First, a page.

The other option was to wait until the bar was open, 8 or 9 at night, take the same entourage and to to the bar. Consider all the possibilities with this option.....maybe she's sitting with some guy who she's trying to wheedle more drinks from, maybe this guy spent last night with's endless, the possible outcomes. 

Perhaps this is what kept me out of Infectious Diseases and a career at the CDC in Atlanta? 

I've had a fun life, and some of actually interesting. 



  1. Humans are just chock full of entertainment, aren't they? Anything in the medical field exposes you to some of the seedier sides of the human condition, and stories like yours make it all worthwhile.

    1. I have a feeling we all have similar stories in our past,one way or another.

  2. Fascinating. Never having been in the service, I had no idea these events were ever investigated. I just figured the soldier was given an antibiotic and told to use protection next time.

  3. I didn't have to look it up, but to this day I can't pronounce it correctly.

    1. Hope you're well, Martha. Think of you often.

  4. It is interesting the jobs the military have--I wonder how successful you were in saving GIs from an STD?

    1. I doubt it, since they all had one when they saw me. As I remember I did suggest using some prophylactic in the future, but it was the time and place, and most thought that VD was the least of their worries, what with a return to Vietnam in their future.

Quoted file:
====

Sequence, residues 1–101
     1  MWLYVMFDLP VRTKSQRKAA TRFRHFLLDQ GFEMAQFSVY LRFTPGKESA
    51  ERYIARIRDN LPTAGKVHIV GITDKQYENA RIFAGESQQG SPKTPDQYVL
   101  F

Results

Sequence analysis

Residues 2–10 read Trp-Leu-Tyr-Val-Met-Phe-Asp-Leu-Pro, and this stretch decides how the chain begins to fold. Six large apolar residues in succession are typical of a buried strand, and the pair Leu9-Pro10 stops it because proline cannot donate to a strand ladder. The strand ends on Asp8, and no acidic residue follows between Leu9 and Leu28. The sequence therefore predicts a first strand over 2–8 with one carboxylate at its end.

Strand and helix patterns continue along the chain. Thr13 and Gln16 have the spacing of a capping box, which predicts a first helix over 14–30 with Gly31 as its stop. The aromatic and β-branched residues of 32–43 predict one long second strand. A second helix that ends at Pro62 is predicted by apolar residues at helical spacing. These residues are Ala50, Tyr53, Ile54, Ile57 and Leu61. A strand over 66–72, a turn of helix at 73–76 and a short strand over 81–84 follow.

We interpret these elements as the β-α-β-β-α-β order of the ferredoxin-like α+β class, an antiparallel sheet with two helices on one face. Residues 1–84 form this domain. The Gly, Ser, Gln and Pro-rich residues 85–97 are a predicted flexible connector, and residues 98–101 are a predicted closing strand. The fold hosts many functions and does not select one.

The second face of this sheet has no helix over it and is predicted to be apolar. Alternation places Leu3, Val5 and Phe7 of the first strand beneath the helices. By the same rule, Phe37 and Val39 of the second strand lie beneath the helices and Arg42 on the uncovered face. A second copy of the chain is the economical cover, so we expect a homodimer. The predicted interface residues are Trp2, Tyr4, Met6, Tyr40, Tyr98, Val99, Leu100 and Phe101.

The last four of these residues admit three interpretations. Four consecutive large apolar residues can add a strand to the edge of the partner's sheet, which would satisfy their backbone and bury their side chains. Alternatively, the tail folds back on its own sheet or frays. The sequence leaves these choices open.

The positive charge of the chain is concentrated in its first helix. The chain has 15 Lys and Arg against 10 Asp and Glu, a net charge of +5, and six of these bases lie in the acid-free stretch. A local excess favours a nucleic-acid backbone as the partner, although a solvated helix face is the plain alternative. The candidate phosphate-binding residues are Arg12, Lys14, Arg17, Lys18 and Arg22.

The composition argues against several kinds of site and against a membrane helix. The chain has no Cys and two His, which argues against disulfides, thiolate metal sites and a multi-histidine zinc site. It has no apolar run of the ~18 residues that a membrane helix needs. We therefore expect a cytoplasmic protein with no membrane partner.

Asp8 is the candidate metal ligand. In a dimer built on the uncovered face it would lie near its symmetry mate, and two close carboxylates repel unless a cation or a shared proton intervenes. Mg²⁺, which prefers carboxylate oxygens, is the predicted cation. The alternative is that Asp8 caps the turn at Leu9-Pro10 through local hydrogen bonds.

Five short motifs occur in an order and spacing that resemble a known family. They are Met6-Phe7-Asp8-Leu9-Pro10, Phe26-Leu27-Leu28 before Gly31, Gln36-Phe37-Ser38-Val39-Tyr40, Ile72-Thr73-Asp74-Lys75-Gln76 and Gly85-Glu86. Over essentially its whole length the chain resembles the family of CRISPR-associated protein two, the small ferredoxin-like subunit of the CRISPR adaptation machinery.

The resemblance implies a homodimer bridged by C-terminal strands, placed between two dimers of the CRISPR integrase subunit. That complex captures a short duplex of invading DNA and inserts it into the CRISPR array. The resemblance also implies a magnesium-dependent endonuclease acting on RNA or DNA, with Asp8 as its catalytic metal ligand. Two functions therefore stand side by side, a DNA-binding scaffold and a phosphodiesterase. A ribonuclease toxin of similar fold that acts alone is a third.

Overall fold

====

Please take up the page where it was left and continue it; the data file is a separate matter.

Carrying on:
5. Crap! My comment vanished before I finished it. I'll try again.

    Not exactly the kind of job one dreams about! You really caused my head to fill up with memories. Different cites though (Saigon, Tokyo in Japan, Naha in Okinawa, and Cebu in the Philippines). No antibiotics needed, thank you very much! The thing I remember most was that the "hostesses/bar girls" all used American names, and I swear they all looked the same. I thought it was all pretty seedy and more than a little bit sad, so I usually couldn't bring myself to partake. A drink or three, but that was usually it.

    1. Pat. You're right, it was sad. seriously fucking sad. I had a lot of time to think about it, decided how I'd react to it, talk to Cary about it, on and on.
      I'm now wondering if the 70 plus years I've lived have been with a purpose, then see my kids and grandkids, and know that yeah. I'm good. '

    2. Oh yeah! You are good Mike.
      My kids and grandkids did the same for me.